We operate like most other companies operate in that, as the CEO, I have somewhat broad authority and autonomy to operate the company in the manner I best see fit.

So if you're in a festival and you're bidding on a movie, what do you do?

Whether I have to or not, I always keep them up to date on everything. Obviously, if there's a script that we're thinking about buying, or we are thinking about joining forces with somebody, I've got more time to engage the board. If it's a competitive festival situation and I don't have much time, I still shoot off an email or make a phone call just to let people know.

According to SEC filings, AMC has invested $10 million in Open Road and is carrying a loss beyond that of $2 million, while Regal has invested $20 million and is reporting a loss of $7.5 million.

I am not allowed to talk about any of the specifics. All I can tell you is that they have lived up to their obligations. And if there are losses, it's important to understand that movies have very long tails. A loss in year one is not necessarily a loss in year five, seven or 10. There hasn't been any need for them to invest more money. We've never asked them for more money.

How much are you willing to spend on a movie?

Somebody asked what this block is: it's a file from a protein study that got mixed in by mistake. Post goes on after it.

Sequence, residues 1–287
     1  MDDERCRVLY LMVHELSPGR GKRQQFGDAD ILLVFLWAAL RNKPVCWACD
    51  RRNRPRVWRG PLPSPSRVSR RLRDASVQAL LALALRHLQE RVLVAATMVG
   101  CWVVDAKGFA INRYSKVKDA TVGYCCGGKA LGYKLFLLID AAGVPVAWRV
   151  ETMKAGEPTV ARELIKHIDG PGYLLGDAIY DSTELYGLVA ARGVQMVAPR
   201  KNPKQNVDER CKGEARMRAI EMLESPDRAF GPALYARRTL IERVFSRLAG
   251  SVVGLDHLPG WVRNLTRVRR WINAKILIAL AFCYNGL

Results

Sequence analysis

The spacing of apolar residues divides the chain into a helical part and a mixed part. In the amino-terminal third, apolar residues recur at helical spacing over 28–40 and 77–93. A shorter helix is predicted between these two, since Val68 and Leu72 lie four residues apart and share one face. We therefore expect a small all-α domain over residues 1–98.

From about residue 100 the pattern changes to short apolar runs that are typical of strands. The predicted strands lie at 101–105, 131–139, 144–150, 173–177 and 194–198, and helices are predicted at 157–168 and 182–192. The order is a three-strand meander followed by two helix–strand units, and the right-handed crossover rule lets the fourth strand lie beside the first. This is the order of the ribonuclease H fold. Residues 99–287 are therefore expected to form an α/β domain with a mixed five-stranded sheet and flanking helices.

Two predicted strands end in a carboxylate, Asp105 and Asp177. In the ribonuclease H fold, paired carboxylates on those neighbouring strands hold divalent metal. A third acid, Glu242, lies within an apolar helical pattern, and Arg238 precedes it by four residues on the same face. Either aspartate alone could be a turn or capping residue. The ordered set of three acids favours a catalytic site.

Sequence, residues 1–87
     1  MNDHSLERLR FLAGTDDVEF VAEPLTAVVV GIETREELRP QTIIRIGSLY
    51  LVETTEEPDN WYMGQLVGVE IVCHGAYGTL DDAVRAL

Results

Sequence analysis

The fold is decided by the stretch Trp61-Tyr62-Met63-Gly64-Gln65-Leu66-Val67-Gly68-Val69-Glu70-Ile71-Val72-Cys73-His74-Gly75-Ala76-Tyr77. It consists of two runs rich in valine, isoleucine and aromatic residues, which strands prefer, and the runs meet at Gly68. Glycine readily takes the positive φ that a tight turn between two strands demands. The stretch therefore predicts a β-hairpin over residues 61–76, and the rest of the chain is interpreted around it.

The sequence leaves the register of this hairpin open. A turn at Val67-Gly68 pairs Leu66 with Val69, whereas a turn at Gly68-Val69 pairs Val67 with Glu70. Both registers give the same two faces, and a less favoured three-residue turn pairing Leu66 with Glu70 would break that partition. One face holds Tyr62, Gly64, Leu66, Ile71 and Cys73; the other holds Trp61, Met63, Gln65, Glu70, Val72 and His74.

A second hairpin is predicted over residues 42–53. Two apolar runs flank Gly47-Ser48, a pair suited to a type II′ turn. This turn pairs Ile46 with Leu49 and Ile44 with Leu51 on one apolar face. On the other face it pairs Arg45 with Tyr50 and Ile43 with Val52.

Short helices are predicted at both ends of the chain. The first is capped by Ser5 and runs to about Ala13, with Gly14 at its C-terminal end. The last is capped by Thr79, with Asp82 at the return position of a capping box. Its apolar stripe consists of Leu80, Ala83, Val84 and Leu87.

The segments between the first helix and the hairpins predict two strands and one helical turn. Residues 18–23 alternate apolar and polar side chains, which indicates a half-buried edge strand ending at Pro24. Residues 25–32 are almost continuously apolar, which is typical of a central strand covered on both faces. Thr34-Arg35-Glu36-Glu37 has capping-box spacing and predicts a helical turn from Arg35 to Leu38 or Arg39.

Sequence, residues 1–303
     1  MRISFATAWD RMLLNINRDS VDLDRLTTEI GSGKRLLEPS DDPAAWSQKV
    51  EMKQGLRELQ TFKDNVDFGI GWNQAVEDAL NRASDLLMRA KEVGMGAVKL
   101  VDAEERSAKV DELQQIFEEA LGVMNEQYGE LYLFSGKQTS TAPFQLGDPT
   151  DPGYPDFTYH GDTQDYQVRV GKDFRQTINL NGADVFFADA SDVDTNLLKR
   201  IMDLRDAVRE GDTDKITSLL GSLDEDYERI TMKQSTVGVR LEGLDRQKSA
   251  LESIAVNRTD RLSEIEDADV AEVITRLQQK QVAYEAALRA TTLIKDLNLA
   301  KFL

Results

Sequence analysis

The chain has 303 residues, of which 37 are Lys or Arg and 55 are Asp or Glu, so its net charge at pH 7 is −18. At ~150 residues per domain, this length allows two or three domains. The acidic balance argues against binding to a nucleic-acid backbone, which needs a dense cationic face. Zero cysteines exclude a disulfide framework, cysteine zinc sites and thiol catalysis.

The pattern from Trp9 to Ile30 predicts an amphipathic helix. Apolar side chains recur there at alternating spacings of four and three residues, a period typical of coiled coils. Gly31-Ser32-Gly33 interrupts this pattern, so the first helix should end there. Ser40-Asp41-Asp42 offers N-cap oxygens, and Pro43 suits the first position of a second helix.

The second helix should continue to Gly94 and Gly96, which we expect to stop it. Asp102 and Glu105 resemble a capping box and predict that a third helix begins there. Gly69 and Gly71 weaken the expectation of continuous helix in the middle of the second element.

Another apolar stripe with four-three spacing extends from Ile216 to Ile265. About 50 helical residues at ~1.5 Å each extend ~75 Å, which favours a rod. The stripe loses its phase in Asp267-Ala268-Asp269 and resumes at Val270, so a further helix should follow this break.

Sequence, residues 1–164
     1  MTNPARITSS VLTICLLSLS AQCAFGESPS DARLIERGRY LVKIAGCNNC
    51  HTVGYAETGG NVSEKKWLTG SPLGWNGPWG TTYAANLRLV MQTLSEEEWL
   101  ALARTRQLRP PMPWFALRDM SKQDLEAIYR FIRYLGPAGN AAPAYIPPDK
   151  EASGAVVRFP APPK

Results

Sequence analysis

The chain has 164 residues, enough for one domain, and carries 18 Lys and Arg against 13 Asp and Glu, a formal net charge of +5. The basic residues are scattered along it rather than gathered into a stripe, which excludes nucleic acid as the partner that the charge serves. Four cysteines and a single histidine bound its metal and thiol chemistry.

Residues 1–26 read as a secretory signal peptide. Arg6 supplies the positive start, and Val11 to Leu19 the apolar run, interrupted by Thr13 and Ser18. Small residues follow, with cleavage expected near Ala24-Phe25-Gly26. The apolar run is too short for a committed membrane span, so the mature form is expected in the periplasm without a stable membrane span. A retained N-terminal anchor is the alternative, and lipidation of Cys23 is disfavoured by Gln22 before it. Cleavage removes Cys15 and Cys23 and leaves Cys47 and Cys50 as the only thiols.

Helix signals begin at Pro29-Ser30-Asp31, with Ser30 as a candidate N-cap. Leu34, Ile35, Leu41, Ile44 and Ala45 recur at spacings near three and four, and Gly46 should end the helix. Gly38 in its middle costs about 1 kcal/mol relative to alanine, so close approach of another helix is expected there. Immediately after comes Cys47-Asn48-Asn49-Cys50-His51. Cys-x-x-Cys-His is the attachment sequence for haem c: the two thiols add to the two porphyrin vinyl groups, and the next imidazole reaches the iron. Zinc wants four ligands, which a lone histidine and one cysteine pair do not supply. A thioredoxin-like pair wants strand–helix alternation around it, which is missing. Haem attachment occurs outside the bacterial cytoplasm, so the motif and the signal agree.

I can certainly tell you that we have never paid anywhere close to $10 million for the domestic rights to a picture, or rather the domestic equity gap.

How would you describe Open Road's performance overall?

I'm happy to report we've had more winners than losers overall. The theatrical marketplace is a roller coaster. And anybody who wants to play in it has to be prepared for that fact. It's not a probability.

You have another hot-button movie, Snowden, Oliver Stone's biopic of Edward Snowden. Has the government contacted you?

No one at Open Road has been contacted, but I believe they're paying attention.

Are you in touch with Snowden?

I have never spoken to him or corresponded with him. I don't know how to reach him. But the movie is terrific. I think it's electrifying. The thing that will surprise people is that it is also an epic love story.

The Fifth Estate, about Julian Assange, bombed. Doesn't this concern you?

I don't think Julian Assange is Edward Snowden.